“Ohhh. But this isn’t where your home was,” the human clarified.
“No, but we are closer than you might imagine. The Feywild doesn’t follow the rules of the World. Miles may become inches at will, allowing one to step through existence instantaneously. This can lead to the crossing of great distances…or getting lost in an instant.”
“Just so,” Rayne sighed. “Is it dangerous? Because it might take us closer to Tyr…”
“Very. If within the wild lands of my realm, violence may find you without you ever knowing it. Your life could be snuffed before you ever recognized the threat. Tyr is close enough to travel outside of the wilds of the misty realm. It is safer to stay out.”
Rayne nodded. “I’m sure you’re right. Though there’s still the Wastewalker to reckon with.”
“I don’t intend to reckon with this Wastewalker unless we are forced to,” commented Kikrik. “I have had enough of that one.”
Looking over at the shaman, Les asked, “The spirits requested that we deal with him, didn’t they?”
“And he’s hunting for us,” Rayne added. “A confrontation seems inevitable.”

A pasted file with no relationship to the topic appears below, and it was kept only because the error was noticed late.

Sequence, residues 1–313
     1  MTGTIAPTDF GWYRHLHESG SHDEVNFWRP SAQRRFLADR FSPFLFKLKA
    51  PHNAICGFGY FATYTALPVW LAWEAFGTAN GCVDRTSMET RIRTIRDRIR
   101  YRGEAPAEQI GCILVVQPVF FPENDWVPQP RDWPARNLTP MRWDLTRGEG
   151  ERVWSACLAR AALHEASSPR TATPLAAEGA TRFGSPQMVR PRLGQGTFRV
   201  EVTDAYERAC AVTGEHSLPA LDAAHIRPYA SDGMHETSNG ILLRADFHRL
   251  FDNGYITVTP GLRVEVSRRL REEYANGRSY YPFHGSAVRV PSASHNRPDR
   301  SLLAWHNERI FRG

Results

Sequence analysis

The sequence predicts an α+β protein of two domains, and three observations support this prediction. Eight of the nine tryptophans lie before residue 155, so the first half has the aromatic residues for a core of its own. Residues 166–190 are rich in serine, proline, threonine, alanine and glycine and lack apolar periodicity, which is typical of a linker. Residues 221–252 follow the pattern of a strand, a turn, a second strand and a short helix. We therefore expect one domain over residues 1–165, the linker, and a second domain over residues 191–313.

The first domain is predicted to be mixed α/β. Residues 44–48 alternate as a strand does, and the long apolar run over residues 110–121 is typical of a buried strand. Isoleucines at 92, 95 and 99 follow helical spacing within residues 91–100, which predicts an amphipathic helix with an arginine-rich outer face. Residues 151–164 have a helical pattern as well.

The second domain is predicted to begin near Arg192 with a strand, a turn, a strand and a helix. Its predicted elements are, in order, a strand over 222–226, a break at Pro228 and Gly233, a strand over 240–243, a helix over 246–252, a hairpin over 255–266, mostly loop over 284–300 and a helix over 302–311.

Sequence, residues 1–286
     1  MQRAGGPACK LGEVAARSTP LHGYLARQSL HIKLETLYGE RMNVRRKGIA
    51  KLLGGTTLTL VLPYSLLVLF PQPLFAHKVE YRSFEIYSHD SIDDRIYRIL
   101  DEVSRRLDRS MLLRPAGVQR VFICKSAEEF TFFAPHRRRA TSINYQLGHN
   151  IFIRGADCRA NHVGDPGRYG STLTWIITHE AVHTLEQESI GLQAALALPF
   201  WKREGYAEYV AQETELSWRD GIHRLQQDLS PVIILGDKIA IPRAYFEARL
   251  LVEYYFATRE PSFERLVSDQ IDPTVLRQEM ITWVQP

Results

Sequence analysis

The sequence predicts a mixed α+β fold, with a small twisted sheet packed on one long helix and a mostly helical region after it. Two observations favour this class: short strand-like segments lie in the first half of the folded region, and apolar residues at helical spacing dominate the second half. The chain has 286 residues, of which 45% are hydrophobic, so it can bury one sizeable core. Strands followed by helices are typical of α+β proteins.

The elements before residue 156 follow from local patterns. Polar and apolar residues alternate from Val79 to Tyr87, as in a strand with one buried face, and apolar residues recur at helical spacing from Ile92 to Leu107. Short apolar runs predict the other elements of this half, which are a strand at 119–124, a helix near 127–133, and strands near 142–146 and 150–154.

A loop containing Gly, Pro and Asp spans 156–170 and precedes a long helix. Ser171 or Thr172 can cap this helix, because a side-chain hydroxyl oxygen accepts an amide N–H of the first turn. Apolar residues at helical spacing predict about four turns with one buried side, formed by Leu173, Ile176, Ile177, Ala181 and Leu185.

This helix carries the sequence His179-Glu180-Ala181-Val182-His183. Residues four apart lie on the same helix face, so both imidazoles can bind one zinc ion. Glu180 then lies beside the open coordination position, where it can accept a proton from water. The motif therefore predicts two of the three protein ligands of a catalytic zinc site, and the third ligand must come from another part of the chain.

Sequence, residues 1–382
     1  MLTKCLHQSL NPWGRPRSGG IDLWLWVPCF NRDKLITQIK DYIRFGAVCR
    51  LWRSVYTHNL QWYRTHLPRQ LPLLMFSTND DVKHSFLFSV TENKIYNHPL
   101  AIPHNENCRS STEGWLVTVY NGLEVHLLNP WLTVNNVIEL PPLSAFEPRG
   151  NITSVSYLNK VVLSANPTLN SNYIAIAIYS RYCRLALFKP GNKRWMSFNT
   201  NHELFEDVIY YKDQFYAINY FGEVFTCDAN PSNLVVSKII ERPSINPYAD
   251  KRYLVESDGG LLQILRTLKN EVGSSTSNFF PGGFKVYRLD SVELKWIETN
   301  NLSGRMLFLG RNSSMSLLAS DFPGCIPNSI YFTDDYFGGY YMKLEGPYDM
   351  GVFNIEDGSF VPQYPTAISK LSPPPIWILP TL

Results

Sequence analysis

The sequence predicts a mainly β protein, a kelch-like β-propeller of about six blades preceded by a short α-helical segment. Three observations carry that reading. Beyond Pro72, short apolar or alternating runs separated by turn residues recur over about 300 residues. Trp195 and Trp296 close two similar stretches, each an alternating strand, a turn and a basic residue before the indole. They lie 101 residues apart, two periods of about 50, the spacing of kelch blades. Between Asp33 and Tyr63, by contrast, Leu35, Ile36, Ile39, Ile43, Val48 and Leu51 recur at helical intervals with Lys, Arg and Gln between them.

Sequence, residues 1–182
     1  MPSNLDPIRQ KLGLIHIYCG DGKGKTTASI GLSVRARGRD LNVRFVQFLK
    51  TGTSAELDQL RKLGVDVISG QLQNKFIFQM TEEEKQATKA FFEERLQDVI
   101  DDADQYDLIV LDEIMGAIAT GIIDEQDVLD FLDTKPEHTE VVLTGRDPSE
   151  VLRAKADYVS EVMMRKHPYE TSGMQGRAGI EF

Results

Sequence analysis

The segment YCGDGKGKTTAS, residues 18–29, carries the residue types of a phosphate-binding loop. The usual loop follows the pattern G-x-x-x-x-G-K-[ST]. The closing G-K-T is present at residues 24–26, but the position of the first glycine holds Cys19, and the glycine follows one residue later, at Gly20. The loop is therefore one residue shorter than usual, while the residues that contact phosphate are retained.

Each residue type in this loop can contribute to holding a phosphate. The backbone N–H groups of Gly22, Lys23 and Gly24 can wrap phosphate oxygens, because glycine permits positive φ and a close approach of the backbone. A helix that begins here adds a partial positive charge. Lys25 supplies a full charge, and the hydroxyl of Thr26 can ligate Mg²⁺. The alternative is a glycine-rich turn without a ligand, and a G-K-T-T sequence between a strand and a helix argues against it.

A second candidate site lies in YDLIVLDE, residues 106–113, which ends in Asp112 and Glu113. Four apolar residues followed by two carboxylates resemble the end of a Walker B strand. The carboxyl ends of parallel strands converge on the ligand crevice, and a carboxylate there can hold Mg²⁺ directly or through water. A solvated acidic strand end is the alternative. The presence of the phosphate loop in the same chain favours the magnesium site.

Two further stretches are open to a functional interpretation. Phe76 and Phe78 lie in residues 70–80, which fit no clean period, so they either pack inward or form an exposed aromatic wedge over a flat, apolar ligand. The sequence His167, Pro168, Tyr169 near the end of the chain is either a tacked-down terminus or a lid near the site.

Somewhere in the desert south of the Ringing Moutains…
The Wastewalker meditated upon the location of the Defiler – the object of his current pursuit. Suddenly, his eyes snapped open and his advisors inhaled sharply, anticipating a revelation. They were not disappointed. In a raspy voice the ssurran prophet said, “It will come to usss…”
“We should catch our breath, then press on,” Rayne said. She leaned against a nearby tree and closed her eyes. Les sat against the same tree and whispered something to herself. The human turned her head and opened her eyes to look at the eladrin, looking concerned.
“I am of the same belief,” admitted Kikrik. “It is bound to happen, I suppose. Maybe I was just hoping for a short time of peace and quiet, knowing it is not to be.”
Rayne smiled. “Nothing wrong with that.”
From his resting place, Hawk said, “Peace and quiet are essential to finding happiness in one’s life. I can only hope that we all find it some day.”
“My masters are relentless in their desires,” said Kikrik. “My weariness is not a concern of theirs. To be honest, I am tired of them.”